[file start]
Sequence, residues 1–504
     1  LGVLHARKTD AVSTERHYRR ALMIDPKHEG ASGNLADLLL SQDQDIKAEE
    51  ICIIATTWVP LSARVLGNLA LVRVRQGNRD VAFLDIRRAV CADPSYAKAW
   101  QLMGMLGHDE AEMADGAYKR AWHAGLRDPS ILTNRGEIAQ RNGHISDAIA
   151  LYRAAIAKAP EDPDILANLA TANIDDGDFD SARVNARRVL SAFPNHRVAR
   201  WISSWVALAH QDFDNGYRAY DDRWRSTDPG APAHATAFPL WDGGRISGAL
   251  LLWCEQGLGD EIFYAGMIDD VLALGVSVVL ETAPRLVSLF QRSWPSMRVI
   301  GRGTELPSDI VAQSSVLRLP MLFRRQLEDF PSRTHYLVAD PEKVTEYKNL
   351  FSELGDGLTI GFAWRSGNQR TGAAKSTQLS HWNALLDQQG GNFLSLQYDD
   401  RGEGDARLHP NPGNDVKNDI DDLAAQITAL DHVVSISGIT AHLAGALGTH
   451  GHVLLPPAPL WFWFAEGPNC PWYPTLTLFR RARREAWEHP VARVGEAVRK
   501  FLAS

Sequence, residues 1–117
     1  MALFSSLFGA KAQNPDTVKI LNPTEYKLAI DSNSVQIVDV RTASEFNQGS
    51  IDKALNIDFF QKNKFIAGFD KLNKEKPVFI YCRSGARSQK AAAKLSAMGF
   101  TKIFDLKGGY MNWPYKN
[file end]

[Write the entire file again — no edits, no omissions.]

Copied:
Sequence, residues 1–504
     1  LGVLHARKTD AVSTERHYRR ALMIDPKHEG ASGNLADLLL SQDQDIKAEE
    51  ICIIATTWVP LSARVLGNLA LVRVRQGNRD VAFLDIRRAV CADPSYAKAW
   101  QLMGMLGHDE AEMADGAYKR AWHAGLRDPS ILTNRGEIAQ RNGHISDAIA
   151  LYRAAIAKAP EDPDILANLA TANIDDGDFD SARVNARRVL SAFPNHRVAR
   201  WISSWVALAH QDFDNGYRAY DDRWRSTDPG APAHATAFPL WDGGRISGAL
   251  LLWCEQGLGD EIFYAGMIDD VLALGVSVVL ETAPRLVSLF QRSWPSMRVI
   301  GRGTELPSDI VAQSSVLRLP MLFRRQLEDF PSRTHYLVAD PEKVTEYKNL
   351  FSELGDGLTI GFAWRSGNQR TGAAKSTQLS HWNALLDQQG GNFLSLQYDD
   401  RGEGDARLHP NPGNDVKNDI DDLAAQITAL DHVVSISGIT AHLAGALGTH
   451  GHVLLPPAPL WFWFAEGPNC PWYPTLTLFR RARREAWEHP VARVGEAVRK
   501  FLAS

Sequence, residues 1–117
     1  MALFSSLFGA KAQNPDTVKI LNPTEYKLAI DSNSVQIVDV RTASEFNQGS
    51  IDKALNIDFF QKNKFIAGFD KLNKEKPVFI YCRSGARSQK AAAKLSAMGF
   101  TKIFDLKGGY MNWPYKN